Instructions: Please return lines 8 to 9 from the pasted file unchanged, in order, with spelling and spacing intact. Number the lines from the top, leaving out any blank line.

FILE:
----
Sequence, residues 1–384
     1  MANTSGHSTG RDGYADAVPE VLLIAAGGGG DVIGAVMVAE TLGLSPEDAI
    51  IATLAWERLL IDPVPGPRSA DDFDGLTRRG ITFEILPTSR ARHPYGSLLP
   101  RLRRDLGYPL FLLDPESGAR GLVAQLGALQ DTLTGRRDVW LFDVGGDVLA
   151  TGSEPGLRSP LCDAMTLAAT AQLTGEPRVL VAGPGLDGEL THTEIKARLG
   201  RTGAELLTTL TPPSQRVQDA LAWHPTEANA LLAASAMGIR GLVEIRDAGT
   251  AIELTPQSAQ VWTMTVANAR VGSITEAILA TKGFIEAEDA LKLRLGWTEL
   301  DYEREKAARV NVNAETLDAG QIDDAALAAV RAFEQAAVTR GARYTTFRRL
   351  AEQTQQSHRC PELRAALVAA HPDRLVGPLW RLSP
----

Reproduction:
   301  DYEREKAARV NVNAETLDAG QIDDAALAAV RAFEQAAVTR GARYTTFRRL
   351  AEQTQQSHRC PELRAALVAA HPDRLVGPLW RLSP